The department leaders decide membership in teachers’ teams. They connect the teacher's competence, subjects in classes, and subjects in different grades. In addition, they try to match the needs of competence in the individual subject and the individual class with the teachers’ individual preferences, needs and work situation.


Above all, the case study suggests a negative impact from low SES scores to be mediated by school leadership and school development. The main argument is that leadership interventions designed and activated for the purpose of building and maintaining internal cultures of strong inclusive ethos, paired with collaborative norms, influence actual behaviors and enable the school to transform its performance cycle in a positive direction. The case study suggests, by means of rich descriptive data, that the pathway from low performing toward an improving status is also intimately linked to leadership practices directed toward building a more integrative organizational design in the form of a matrix. Caring leadership from the middle level, most typically linked to problematic situations in the classroom, emerges as an important component of school leadership in action in the current setting.

Soft and hard school leadership in action

The descriptive data points to the existence of a two-level system of monitoring the results and top-down external control: from the school district (municipal) level exerted by the superintendent toward the principal, and from the principal toward teacher groupings yet mediated by the middle leaders. From the municipal school owner level, external control linked to monitoring of school outcomes takes the form of result meetings between the superintendent and the principal. These result meetings follow a template with a focus on national test achievements. In turn, analysis of results and inferences for practice drawn from the analysis are put on the agenda in the principal’s leadership team. From this decision-making process, the middle leaders translate the messages to their own department, in order to make sense of challenges and to develop sensible action strategies. Although the data is silent about the process through which middle leaders further take on school outcome issues in their own department, and in the teacher teams, it must be counted for a range of adaptation repertoires. A collaborative structure, where significant images of mutual trust go through the descriptive data, coexists with school outcome issues. It supports the notion that interpersonal trust and external control will typically coexist in the same school (Paulsen & Høyer, 2016), where first-order leaders, that is, department leaders, perform important roles as translators of initiatives, which also encompasses helping and serving leadership practices. There is also a visible trust-based component in the leadership repertoires enacted in practice.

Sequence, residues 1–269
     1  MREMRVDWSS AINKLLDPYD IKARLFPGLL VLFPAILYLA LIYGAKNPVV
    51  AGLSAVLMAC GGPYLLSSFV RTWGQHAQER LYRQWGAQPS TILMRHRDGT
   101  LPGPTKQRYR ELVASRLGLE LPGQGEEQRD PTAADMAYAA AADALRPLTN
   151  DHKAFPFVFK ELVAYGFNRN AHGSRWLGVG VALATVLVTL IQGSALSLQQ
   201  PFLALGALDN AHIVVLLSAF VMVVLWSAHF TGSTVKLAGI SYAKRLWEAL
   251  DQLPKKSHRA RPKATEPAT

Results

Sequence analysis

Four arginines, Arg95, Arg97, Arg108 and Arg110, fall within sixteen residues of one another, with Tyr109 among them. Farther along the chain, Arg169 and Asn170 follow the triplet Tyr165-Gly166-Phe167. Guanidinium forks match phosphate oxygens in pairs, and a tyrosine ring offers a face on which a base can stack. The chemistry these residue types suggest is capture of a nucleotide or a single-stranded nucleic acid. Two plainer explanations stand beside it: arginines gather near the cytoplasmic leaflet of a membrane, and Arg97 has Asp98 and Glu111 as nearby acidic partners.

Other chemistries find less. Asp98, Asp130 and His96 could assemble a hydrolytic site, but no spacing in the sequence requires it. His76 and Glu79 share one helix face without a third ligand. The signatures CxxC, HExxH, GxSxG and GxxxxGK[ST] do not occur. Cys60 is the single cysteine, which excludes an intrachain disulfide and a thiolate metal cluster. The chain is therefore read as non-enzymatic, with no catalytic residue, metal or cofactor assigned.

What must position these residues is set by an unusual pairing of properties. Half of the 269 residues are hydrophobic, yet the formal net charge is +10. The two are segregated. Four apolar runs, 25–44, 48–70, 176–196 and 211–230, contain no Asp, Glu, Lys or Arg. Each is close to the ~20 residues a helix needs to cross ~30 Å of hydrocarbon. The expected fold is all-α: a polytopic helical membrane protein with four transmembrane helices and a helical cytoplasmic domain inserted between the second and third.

A central part of school strategy and purposeful leadership intervention is strengthening professional commitment to pupils from disadvantageous families—most visible in different areas of in-service training toward the pupil learning environment. In a similar vein, when middle leaders serve as buffering agents, they practice a serving repertoire in terms of taking over difficult tasks (pupil or parental cases) in order to reduce the workload for the teachers, and also to prevent the teachers’ possible withdrawal from problematic clients (Lipsky, 1980). This pattern emphasizes that school leaders in this segment must master different discourses— both external control and helping teachers to make sense and master a challenging work context through caring practices and a range of developmental actions (Andersen, 2013; Johansson & Quing, 2012).

Distributed leadership under central watch